‘I’m not. I’m only trying to be.’
The moment she opens the front-facing door a violent gust almost blows it off its hinges. It’s not raining today, but the clouds are racing toward the south as if the mountains themselves are chasing after them. Oon’Shang’s back blocks most of the wind; the carriage chassis sits exactly at her waist, so it doesn’t require more than a head tilt to see her shoulders.
A small platform and a long wooden bench runs the width of the coach. Haylis pulls a hidden lever, and a screen folds down on the left side, making a cosy little alcove for all the humans that would for some reason want to sit out here.
The two of us squeeze behind it. Directly in front of my face is Oon’Shang’s left arm – thick as a tree trunk – pulling on a long handlebar protruding from underneath the cabins. It’s incredible, watching the little giant sprinting at full speed while hauling three people, two horses, and a four-room steel-shelled carriage, because it doesn’t seem to take her much effort at all.
‘She’s so strong!’
Haylis has taken out her chain of soundless bells and is hitting them with two mallets in each hand. This goes on for about twenty seconds.
‘Oon’Shang says her friends can pull twelve-room coaches much faster than she is going now.’
‘Twelve?! That’s amazing!’
‘Move over more, I can’t feel half my face.’
Without ceremony Haylis half-sits onto my lap as if I’m stuffed with soft goose feathers. The act is not so much erotic as annoying…though the leg she’s wrapping around mine does feel very warm.
‘I’m doing you a favour so don’t be a pervert.’
‘What should I ask?’
‘Anything, she’s very talkative.’
‘Alright…she’s experienced at fighting dragons, right? Maybe ask her for a story about that.’
‘Do you want to be here all day? No storytelling!’
‘Then ask her what she thinks our chances are.’
Oon’Shang’s head turns slightly as she replies, the wind tossing up her orange veil. Ever seen those big crystal balls fortune tellers use to swindle your money? Her eyes look just like a pair of those, dark and swirling and infinitely deep. Her mouth is a perfectly round hole that doesn’t move even as she talks.
‘She says she believes in the heir of the sword of Ush’Ra the Godsmith.’
‘The heir? You mean Kathanhiel? So Kaishen gets...passed down?’
Haylis rolls her eyes. ‘From one dragon slayer to the next. I thought you knew all about her, Kastor the Scholar Who Can Read.’
‘But only the newer stories mention Kaishen at all.’
‘Just because she calls it that doesn’t mean it’s always had that name. What if the last guy called it something silly like…like Lizardstick? Imagine being stuck with it forever.’
Stupid as that sounds, Kathanhiel did name her horse Bobby, a far cry from Kaishen, Bane of Dragons. Kind of strange, the dichotomy of those two names.
‘So what was it called before?’
Haylis hits the bells a few more times, then shrugs. ‘I don’t know, and Oon’Shang says she’s forgotten. Apparently Ush’Ra the Godsmith made it so that the sword is…’ she scratches her head, ‘dissolved? Every new dragon slayer…dissolves…the sword. Do you know what she means?’
Kaishen is right there in the next room, shiny as new. It’ll take a big vat of acid and more than a few decades for that kind of steel to dissolve in anything. ‘Nothing that would make sense. Can she tell us how it’s, you know, spitting fire and giving her that fever?’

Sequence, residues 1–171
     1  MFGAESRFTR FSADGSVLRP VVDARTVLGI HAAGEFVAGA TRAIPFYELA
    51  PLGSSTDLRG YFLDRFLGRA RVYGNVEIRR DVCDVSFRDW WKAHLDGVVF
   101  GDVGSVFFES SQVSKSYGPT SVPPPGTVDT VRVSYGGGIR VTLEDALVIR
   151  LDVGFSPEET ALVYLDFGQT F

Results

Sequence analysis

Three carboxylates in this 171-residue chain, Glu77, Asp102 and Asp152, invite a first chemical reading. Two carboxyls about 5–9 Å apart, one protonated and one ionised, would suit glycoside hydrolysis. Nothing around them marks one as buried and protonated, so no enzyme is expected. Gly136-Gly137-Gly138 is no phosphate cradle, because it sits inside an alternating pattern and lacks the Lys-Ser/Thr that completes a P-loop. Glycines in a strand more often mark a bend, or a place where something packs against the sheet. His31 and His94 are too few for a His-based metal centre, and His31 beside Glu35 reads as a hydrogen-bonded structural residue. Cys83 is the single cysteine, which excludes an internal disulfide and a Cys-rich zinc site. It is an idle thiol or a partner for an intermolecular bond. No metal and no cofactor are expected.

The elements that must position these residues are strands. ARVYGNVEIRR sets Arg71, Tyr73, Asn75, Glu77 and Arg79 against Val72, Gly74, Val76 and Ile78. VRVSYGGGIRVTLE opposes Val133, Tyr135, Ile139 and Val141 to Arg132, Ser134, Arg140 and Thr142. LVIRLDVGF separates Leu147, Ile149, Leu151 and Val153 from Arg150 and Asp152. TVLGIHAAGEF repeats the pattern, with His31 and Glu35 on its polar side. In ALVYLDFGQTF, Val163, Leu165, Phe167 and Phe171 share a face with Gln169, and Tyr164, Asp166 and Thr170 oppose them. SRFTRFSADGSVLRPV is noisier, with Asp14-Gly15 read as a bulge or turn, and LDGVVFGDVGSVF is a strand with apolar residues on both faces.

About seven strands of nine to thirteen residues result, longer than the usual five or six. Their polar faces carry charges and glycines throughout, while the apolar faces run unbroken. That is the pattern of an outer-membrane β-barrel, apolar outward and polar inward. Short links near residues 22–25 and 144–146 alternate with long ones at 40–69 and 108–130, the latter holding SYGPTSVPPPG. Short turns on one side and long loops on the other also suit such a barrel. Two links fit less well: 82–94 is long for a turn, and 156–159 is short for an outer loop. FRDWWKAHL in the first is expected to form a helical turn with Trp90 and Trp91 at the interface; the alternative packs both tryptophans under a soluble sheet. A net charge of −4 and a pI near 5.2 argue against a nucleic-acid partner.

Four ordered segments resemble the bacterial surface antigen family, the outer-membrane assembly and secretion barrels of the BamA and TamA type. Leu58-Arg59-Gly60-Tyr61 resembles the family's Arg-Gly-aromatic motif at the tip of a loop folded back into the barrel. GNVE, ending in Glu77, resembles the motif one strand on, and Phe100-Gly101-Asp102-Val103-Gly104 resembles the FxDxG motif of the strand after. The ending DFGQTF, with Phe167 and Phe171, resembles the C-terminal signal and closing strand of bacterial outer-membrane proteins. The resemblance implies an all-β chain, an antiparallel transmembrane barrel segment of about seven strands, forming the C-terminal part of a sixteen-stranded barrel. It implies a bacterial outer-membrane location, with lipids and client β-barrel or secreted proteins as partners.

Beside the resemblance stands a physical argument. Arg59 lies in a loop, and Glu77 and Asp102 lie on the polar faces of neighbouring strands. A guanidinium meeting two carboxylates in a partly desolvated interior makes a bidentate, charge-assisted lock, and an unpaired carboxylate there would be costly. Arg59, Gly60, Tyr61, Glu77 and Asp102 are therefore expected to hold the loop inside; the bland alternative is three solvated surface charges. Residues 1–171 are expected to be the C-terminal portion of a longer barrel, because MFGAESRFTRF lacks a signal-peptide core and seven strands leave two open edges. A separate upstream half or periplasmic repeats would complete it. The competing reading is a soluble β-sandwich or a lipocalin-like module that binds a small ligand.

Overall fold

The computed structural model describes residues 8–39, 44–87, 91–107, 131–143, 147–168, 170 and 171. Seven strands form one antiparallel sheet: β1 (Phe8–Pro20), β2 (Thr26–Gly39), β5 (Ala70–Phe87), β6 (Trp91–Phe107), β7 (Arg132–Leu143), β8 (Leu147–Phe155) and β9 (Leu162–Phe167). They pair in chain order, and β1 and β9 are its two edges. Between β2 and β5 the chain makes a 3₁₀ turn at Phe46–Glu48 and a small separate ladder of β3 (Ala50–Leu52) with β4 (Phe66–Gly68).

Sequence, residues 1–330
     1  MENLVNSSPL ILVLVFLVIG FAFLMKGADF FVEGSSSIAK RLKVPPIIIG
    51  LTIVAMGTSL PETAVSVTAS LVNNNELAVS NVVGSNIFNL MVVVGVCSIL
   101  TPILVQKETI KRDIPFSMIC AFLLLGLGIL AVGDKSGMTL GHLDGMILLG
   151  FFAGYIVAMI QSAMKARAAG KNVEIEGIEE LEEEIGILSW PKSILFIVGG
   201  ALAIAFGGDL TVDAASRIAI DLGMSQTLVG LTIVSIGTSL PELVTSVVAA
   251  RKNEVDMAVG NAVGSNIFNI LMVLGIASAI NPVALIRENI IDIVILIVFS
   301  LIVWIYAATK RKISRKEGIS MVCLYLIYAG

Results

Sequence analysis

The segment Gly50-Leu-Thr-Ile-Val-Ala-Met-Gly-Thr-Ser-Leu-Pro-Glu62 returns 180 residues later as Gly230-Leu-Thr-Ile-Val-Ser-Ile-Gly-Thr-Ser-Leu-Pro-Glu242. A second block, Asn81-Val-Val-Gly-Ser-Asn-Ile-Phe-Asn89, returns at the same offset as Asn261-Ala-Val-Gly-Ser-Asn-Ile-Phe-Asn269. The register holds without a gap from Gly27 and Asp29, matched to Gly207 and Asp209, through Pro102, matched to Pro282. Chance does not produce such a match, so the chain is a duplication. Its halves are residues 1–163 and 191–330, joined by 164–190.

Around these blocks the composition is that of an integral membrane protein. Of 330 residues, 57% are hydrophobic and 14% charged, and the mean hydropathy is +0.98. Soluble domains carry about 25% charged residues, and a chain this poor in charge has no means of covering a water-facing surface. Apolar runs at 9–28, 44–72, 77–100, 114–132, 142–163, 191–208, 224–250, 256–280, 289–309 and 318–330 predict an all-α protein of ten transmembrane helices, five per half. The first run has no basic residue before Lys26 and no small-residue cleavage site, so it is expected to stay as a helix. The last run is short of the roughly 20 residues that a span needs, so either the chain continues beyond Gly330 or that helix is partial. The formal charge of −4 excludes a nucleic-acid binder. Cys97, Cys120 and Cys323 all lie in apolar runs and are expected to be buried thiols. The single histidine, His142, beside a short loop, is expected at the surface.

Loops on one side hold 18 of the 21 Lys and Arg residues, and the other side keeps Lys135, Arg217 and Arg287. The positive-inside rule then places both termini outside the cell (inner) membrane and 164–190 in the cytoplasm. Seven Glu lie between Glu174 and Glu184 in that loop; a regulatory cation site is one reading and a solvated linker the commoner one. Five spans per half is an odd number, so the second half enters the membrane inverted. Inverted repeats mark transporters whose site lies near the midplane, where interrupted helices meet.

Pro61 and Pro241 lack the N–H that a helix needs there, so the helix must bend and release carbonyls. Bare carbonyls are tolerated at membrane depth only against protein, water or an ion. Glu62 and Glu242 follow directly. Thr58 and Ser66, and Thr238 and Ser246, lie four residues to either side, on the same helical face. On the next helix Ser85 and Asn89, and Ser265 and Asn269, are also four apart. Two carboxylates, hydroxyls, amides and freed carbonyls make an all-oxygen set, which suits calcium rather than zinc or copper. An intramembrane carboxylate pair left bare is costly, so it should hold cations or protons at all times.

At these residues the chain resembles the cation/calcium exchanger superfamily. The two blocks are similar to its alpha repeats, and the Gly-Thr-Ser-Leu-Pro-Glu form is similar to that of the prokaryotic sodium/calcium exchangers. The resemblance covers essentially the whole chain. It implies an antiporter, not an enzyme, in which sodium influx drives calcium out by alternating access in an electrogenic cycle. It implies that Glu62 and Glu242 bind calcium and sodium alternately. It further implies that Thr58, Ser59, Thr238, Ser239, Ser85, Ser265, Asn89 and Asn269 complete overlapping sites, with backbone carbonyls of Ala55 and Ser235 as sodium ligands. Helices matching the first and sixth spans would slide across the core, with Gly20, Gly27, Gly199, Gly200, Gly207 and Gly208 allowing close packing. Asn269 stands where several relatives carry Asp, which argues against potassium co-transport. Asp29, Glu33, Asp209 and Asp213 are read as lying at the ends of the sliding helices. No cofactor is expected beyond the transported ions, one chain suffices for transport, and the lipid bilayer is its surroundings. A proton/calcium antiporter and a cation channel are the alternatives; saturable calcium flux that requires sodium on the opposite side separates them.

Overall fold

At that query, Oon’Shang’s shoulders sort of heave back and fro, an easy enough gesture to recognise – laughter.
‘She doesn’t know, and even if she did she wouldn’t tell you, because the little giants never share secrets relating to their craft,’ says Haylis. ‘She also says that the true power of the sword will be revealed once we start running into dragons – that is, if you don’t flee at the sight of them.’
That one stings; not the words, but the tone of assumption. ‘Tell her I’m Kathanhiel’s esquire and I’ll fight with her, come what may.’
Haylis relays that on the bells. Oon’Shang takes a while to respond.
‘She asks whether you’re just saying that because it’s what heroes in stories are supposed to say.’
Even if that’s true I’m not about to admit it. ‘I meant it.’
Doesn’t matter what she thinks; soon enough there’ll be plenty of chances to prove her wrong. We’re well in the middle of the plains of the north, with no cover or hiding places to speak of; any day now the mind-rending shrieks of the dragons will descend from the clouds, and when that happens...
‘What about you? You think you can stand against the dragons?’ I ask.
Haylis bites her lips. ‘Before yesterday, sure, but after seeing those people on the road…I haven’t met one yet, apart from that little thing in the palace which doesn’t really count. Maybe...I’ll ask Oon’Shang what they’re like.’
If I was a little giant I would be able to recognise the deep, heartrending fear in Oon’Shang’s voice, but alas, through Haylis’s translation most of the emotion is lost, and only the words remain.
‘They swarm, like starving wolves that haven’t had a meal in weeks, and before you could even hear their screams they descend from the sky, rise from the swamps, the gulches, the snow, everywhere, from every direction, with their mouths on fire because the flames have been beaten back into their throats by the wind, driving them berserk. Javelins cannot rend their hide, only their wings, but even grounded they can leap over great chasms to lunge at their prey. And prey we are, even to the little ones, while the ancient lords – candidates for the Apex – can swallow a little giant from head to toe.’